Little Havana - Flagami

City of Miami fires dump truck driver in fatal 11-car crash

Surveillance video of the dump truck that plows into taxi, killing one

Surveillance video shows City of Miami dump truck as it crashes into a taxi cab, killing the passenger.
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Surveillance video shows City of Miami dump truck as it crashes into a taxi cab, killing the passenger.

The State Attorney’s office believes Larry Ellis, a dump-truck driver for the city of Miami, was asleep at the wheel when his dump truck plowed into a stopped taxicab at over 60 mph, killing Pamela Plummer and setting off an 11-car crash last April by Marlins Park. But Ellis won’t face criminal charges.

He was, however, fired from his city job at a disciplinary hearing Thursday.

Ellis didn’t show up, Miami City Manager Daniel Alfonso said, but his union representative Sean Moy was given a termination letter for Ellis.

“Please be advised that you are hereby terminated from your position as Automotive Equipment Operator, II,” the letter read.

Among the reasons cited: “The investigation and evidence of this collision suggest you fell asleep at the wheel causing the motor vehicle accident.”

Shaun Yurtkuran, Plummer’s nephew, said he understood there wouldn’t be criminal charges but did want to see the city take action.

“I don’t think he should be driving for the city of Miami anymore,” Yurtkuran said. “If I were to fall asleep at the counsel table at trial, I wouldn’t be working anymore. And I haven’t killed anybody.”

Yurtkuran is an assistant district attorney in Hinds County, Mississippi. So, he says he understood it in a way the layman might not when David Gilbert, assistant state attorney for traffic homicide, explained in an interoffice memo that neither a charge of DUI manslaughter nor vehicular homicide can be proved: Ellis demonstrated no signs of impairment after the crash — blood tests support that — and falling asleep at the wheel isn’t a willful action, so recklessness gets thrown aside.

“Obviously, it’s unfortunate,” Yurtkuran said. “It seems like no one’s getting punished for killing my mother’s sister.”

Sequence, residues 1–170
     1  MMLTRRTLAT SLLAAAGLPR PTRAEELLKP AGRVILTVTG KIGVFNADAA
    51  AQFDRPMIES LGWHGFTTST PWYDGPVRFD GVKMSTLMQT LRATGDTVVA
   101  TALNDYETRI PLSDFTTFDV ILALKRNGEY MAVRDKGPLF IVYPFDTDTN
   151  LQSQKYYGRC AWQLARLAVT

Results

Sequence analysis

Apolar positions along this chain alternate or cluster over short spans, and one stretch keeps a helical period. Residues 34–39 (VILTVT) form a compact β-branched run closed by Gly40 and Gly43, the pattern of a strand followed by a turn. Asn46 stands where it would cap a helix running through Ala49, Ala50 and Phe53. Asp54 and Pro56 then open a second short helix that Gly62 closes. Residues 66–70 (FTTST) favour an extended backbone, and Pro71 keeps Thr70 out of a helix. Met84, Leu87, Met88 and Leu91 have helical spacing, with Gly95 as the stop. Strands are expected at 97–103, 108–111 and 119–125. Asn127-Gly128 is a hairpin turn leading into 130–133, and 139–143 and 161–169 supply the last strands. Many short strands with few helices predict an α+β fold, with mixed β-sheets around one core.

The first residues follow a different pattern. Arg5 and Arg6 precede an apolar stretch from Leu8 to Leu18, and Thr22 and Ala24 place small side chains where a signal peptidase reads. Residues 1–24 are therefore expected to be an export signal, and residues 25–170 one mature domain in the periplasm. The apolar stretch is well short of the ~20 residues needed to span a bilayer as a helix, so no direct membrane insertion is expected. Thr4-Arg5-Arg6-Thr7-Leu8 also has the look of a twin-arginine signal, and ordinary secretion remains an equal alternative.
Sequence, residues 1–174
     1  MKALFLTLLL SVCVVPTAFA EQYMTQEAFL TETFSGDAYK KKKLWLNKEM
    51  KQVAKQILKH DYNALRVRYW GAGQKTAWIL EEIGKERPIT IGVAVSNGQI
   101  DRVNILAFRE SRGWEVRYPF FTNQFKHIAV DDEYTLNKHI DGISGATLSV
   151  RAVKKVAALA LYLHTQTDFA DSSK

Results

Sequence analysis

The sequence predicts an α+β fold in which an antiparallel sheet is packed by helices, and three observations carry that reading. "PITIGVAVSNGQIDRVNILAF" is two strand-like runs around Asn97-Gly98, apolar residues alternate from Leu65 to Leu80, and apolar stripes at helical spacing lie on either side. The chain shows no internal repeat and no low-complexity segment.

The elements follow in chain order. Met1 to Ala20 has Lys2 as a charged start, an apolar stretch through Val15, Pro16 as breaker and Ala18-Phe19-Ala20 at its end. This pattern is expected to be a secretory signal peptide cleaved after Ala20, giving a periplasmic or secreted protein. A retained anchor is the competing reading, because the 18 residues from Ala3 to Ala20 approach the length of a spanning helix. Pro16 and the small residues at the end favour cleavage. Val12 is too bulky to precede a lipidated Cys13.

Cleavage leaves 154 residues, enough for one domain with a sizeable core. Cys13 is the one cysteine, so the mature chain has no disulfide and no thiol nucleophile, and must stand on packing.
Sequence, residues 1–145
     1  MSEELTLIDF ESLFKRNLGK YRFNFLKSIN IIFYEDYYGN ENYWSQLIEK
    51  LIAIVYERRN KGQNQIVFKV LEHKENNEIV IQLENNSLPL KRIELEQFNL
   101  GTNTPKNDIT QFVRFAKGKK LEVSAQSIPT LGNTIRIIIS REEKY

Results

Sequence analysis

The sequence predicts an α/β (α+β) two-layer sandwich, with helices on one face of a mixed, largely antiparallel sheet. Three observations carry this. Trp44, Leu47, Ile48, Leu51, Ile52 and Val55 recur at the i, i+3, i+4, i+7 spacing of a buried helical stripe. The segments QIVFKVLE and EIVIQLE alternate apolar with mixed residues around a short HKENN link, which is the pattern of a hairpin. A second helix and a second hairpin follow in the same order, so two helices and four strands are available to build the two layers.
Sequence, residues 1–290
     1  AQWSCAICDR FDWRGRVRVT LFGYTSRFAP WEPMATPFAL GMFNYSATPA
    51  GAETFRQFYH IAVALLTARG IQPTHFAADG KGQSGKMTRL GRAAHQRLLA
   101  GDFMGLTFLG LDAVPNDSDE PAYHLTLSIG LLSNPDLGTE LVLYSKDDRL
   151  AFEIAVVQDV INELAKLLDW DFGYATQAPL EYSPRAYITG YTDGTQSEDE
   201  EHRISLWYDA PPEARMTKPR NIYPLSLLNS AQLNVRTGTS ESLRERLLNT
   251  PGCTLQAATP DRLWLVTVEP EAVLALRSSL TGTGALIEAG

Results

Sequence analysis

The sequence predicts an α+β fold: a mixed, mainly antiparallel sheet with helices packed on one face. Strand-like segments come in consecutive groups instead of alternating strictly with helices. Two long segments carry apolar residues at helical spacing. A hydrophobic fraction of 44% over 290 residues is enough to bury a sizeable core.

The memo says the manufacturer of a prescribed drug Ellis was taking for a medical condition “suggests” drowsiness can result in new users. But when and how much Ellis had taken can’t be determined. Ellis’ cellphone had not been in use.

Alfonso said 11 different legal actions are pending against the city stemming from the accident, which occurred at the intersection of Northwest Seventh Street and 17th Avenue just before noon on April 8. Aside from Plummer’s death, seven people went to Ryder Trauma Center. None suffered serious injuries.

Ellis’ dump truck rumbled east on Northwest Seventh Street in the far right lane. Without slowing, it smashed directly into the rear of a Diamond Cab stopped for a red light behind a 2015 Nissan Rouge. Plummer sat in the back seat of the cab, which hit the Rouge in front of it, pushing the Rouge into the 2010 Nissan in the lane to the left. The truck plowed on into the crossing north-south traffic on 17th Avenue, hitting more vehicles, which spun into collisions with more yet.

The dump truck’s momentum ran out as it hopped onto the sidewalk just beyond 17th Avenue.

Gilbert’s memo said video and physical evidence led Miami police detectives to conclude the dump truck was moving between 62 and 67 mph when it hit the taxi.

Ellis has 15 days to appeal the decision.

David J. Neal: 305-376-3559, @DavidJNeal

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